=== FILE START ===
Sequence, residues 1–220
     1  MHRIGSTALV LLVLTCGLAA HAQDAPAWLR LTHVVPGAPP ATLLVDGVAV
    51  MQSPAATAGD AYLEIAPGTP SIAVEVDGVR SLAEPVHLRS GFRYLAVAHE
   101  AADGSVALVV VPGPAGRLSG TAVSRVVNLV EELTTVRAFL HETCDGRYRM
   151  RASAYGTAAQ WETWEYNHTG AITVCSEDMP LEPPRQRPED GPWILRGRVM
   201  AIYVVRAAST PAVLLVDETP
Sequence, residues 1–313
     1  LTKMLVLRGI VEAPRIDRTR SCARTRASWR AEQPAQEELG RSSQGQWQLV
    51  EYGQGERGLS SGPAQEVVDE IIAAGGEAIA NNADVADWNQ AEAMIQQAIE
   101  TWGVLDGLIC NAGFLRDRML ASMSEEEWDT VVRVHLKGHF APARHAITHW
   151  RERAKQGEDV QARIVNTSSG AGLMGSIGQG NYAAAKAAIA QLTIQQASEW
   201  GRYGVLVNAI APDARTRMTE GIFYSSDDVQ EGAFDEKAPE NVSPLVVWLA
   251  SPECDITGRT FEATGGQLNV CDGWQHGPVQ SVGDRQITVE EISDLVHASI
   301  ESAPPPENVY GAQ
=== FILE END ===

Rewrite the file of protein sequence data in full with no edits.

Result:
Sequence, residues 1–220
     1  MHRIGSTALV LLVLTCGLAA HAQDAPAWLR LTHVVPGAPP ATLLVDGVAV
    51  MQSPAATAGD AYLEIAPGTP SIAVEVDGVR SLAEPVHLRS GFRYLAVAHE
   101  AADGSVALVV VPGPAGRLSG TAVSRVVNLV EELTTVRAFL HETCDGRYRM
   151  RASAYGTAAQ WETWEYNHTG AITVCSEDMP LEPPRQRPED GPWILRGRVM
   201  AIYVVRAAST PAVLLVDETP
Sequence, residues 1–313
     1  LTKMLVLRGI VEAPRIDRTR SCARTRASWR AEQPAQEELG RSSQGQWQLV
    51  EYGQGERGLS SGPAQEVVDE IIAAGGEAIA NNADVADWNQ AEAMIQQAIE
   101  TWGVLDGLIC NAGFLRDRML ASMSEEEWDT VVRVHLKGHF APARHAITHW
   151  RERAKQGEDV QARIVNTSSG AGLMGSIGQG NYAAAKAAIA QLTIQQASEW
   201  GRYGVLVNAI APDARTRMTE GIFYSSDDVQ EGAFDEKAPE NVSPLVVWLA
   251  SPECDITGRT FEATGGQLNV CDGWQHGPVQ SVGDRQITVE EISDLVHASI
   301  ESAPPPENVY GAQ